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Nobuyoshi Araki: Self Life Death
(Phaidon, hardcover, $70.00US) Born in 1940, Nobuyoshi Araki is arguably Japan’s greatest living photographer, and certainly its most controversial. His inexhaustible creative energy is attested to by the more than 300 books he has published in the last four decades, while his work, which often challenges social taboos surrounding sex and death, has drawn critical attention both at home and abroad.
In 1971 Araki privately published Sentimental Journey, an intimate account of his honeymoon with his wife Yoko. In the Preface to this book, Araki declared that his ‘point of departure as a photographer was love ... and the idea of an I-novel [a form of Japanese fiction written autobiographically and in the first person]’. With this statement, Araki established the genre of ‘I-photography’, in which his own life and feelings became the central subject of his work. The idea was to have a great impact on a new generation of Japanese photographers, especially in the 1990s.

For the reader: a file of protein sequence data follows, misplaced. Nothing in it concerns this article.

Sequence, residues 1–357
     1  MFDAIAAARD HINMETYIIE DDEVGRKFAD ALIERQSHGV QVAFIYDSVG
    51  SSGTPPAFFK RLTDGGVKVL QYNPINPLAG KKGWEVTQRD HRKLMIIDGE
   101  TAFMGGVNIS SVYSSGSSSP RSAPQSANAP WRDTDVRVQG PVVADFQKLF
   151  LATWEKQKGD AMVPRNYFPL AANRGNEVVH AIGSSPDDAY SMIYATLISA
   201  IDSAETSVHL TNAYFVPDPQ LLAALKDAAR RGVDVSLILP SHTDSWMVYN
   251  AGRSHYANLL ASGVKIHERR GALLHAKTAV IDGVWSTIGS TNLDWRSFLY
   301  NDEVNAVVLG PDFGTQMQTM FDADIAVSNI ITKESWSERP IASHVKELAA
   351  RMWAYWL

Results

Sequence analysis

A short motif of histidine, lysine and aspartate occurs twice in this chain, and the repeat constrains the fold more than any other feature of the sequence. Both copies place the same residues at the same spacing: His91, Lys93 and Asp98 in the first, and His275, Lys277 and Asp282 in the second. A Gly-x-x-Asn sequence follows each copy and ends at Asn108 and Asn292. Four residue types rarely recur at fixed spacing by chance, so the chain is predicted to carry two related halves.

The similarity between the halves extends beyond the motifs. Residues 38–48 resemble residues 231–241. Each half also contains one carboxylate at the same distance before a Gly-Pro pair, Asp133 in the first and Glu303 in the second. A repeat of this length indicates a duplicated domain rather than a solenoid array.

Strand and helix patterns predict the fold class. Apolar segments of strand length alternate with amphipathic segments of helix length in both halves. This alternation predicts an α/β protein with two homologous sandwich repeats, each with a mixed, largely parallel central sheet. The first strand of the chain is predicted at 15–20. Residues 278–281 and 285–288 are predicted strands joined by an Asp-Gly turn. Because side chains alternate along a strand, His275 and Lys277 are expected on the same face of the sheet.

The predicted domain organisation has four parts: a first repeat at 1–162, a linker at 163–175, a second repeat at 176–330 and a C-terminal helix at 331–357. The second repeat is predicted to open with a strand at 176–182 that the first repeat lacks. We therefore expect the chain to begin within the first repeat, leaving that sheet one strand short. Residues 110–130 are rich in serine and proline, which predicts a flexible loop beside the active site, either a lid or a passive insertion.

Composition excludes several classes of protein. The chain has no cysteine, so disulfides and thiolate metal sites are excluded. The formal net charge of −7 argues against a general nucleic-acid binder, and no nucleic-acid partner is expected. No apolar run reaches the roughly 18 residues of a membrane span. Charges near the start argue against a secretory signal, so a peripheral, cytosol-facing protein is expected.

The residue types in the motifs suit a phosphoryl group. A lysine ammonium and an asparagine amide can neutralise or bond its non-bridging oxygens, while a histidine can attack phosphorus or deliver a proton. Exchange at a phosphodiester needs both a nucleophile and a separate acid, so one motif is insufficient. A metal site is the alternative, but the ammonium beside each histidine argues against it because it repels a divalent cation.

By 1990, the year of Yoko’s death, Araki had produced an immense body of work. Through his photographs he has created his own universe, where the themes of sex, life and death are closely intertwined. Tokyo, Araki’s home city, often plays a leitmotif in his work, while his rich visual vocabulary is drawn from the erotic Shunga of the Edo period (1600–1867) as well as the glossy imagery of the new commercial culture. Through his innovative approach to his medium – sometimes combining painting, drawing and film – Araki has become an influential figure in contemporary art, beyond the field of photography.